ALBANY, N.Y. — An upstate appellate judge said New York’s newly drawn congressional and legislative districts will remain in place for the time being. State Appellate Division Justice Stephen Lindley of Rochester extended an already issued temporary stay that keeps the new district maps in play for petitioning purposes, pending appeal. Lindley’s extension will run through April 20, when oral arguments will be heard. The decision comes a week after a lower court judge in Steuben County found the recently redrawn maps unconstitutional and gerrymandered to benefit Democrats. Supreme Court Judge P...
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Right-wing activist boasted of 'praying' with SCOTUS justices after they cited her organization's brief to overturn Roe
A right-wing activist whose organization wrote a brief that was cited by the United States Supreme Court in its decision to overturn Roe v. Wade also posted a video in which she boasted of praying with the justices.
Rolling Stone is reporting that Peggy Nienaber, who serves as the executive director of a ministry that falls under Liberty Counsel's umbrella organization, boasted that she and her associates are "the only people" who get an opportunity to pray with sitting Supreme Court justices.
A video obtained by the publication shows that Nienaber made the admission to a live streamer who was filming outside the court during a celebration of its decision to overturn 50 years of precedent on abortion rights.
"You actually pray with the Supreme Court justices?” the live streamer asked her at one point.
“I do,” Nienaber replied. “They will pray with us, those that like us to pray with them.”
Rolling Stone notes that this could be a conflict of interest for the justices who chose to pray with Nienaber.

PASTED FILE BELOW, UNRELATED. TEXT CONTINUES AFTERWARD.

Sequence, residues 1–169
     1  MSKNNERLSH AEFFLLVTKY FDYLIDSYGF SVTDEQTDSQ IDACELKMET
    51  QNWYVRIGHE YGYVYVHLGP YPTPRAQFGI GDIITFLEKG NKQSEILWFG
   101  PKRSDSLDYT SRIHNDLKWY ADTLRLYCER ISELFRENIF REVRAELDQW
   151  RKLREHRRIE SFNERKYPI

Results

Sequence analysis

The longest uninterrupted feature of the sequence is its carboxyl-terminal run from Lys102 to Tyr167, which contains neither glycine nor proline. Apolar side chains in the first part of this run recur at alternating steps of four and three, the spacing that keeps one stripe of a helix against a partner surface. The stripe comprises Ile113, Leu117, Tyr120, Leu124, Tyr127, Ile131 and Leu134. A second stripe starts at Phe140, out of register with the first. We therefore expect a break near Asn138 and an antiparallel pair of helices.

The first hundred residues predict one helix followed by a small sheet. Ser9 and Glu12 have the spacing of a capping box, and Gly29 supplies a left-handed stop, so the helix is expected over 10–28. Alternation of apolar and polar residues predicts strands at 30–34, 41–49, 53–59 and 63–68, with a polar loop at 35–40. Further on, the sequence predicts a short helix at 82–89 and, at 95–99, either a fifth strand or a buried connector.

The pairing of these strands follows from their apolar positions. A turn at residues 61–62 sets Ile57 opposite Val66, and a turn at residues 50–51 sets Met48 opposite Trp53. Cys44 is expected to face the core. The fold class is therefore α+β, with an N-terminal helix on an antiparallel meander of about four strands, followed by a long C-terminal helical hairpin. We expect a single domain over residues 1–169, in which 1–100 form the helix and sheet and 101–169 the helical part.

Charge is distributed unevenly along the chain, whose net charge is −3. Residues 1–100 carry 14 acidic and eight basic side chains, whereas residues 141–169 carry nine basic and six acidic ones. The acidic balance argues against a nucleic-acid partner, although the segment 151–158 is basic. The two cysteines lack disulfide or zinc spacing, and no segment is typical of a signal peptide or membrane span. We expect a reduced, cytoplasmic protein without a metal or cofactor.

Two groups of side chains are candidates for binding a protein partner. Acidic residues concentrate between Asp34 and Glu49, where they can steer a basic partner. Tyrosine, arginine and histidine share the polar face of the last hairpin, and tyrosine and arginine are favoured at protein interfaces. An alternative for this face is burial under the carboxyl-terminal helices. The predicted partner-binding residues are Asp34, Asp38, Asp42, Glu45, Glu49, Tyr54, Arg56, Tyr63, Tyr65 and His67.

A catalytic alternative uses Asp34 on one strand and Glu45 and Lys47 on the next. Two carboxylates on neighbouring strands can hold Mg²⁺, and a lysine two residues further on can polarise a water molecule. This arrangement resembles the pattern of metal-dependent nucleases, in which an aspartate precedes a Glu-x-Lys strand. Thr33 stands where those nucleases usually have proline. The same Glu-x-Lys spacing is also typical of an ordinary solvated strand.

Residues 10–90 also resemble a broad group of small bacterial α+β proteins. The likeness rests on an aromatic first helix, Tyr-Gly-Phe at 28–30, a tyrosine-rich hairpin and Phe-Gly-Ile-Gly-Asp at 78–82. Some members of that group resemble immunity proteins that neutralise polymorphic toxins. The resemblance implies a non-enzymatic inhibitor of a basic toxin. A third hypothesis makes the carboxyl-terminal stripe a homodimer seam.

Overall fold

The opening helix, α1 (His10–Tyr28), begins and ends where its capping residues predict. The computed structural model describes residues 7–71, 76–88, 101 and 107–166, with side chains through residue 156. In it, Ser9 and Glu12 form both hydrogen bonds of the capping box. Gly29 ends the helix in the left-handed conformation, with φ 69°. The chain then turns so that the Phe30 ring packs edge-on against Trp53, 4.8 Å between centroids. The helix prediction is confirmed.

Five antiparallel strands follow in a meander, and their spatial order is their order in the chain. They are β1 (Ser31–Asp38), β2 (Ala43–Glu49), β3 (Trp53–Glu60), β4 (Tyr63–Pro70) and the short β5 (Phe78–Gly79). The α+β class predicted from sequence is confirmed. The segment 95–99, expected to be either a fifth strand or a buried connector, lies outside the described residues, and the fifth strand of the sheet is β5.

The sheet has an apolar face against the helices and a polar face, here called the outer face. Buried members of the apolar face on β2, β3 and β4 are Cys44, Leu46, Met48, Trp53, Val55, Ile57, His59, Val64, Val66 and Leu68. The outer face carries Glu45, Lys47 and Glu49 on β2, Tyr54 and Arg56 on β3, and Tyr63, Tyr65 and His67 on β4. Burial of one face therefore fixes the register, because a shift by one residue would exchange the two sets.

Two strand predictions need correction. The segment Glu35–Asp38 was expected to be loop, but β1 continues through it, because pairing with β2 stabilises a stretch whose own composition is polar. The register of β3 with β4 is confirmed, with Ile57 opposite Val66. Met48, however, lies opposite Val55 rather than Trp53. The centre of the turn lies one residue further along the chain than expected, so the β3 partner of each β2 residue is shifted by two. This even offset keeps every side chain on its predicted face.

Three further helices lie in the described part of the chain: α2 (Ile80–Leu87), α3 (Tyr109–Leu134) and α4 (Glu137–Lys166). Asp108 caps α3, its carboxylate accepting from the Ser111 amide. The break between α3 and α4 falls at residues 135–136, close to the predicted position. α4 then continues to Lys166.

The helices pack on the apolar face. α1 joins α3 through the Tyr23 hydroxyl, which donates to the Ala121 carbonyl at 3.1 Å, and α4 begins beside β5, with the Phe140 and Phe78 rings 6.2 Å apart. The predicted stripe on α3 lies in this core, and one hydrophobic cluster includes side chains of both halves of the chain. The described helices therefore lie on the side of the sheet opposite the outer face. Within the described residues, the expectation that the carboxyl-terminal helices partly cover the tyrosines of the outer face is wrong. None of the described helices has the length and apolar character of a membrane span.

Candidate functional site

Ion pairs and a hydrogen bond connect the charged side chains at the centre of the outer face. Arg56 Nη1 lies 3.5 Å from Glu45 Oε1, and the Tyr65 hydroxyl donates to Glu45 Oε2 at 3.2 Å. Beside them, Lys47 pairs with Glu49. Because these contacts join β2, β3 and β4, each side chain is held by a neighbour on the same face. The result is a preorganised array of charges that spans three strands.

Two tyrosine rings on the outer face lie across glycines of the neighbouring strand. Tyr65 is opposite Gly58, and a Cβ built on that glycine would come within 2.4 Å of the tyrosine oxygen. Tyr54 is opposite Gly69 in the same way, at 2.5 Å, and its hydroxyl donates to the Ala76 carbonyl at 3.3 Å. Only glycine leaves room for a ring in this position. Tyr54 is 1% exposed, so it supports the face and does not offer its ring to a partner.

"Such an arrangement presents a problem for the Orlando-based Liberty Counsel, which not only weighed in on the Dobbs case as a friend of the court, but also litigated and won a 9-0 Supreme Court victory this May in a case centered on the public display of a religious flag," the publication writes.
The Supreme Court did not reply to Rolling Stone's request for comment.
Russian lawmakers approved legislation on Wednesday to create a patriotic youth movement in a move reminiscent of Soviet-era youth organisations.
President Vladimir Putin will be asked to head the supervisory board of the movement which will seek to streamline and champion government efforts to enhance patriotic and Russian values among children and the youth.
In the USSR, children were taught Soviet values through three main youth organisations -- the Little Octobrists, Young Pioneers, and the Komsomol.
Putin sent troops into Ukraine in late February and has threatened the West with nuclear arms.
Authors of the legislation, which was approved on its third and final reading on Wednesday, appear to have been inspired by the youth organisations of the Soviet era.
The bill was passed on the 133rd day of Russia's military intervention in Ukraine.
"An all-Russian movement of children and adolescents is being created," parliament's lower house, the State Duma, said in a statement, adding that its members will themselves pick a name for it.
The organisation will be open to all children from the age of six and will be financed by the state. Regional governors are expected to be closely involved in its work.
Participation in the movement will be on a voluntary basis.
The government will hand over to the organisation youth camps and various education facilities to "facilitate the development of the child", said 28-year-old Aryom Metelev, who chairs the committee on youth policies at the State Duma.
"The state must create conditions that contribute to the comprehensive spiritual, moral, intellectual and physical development of children, to the learning of patriotism, civil responsibility and respect for adults," the authors said.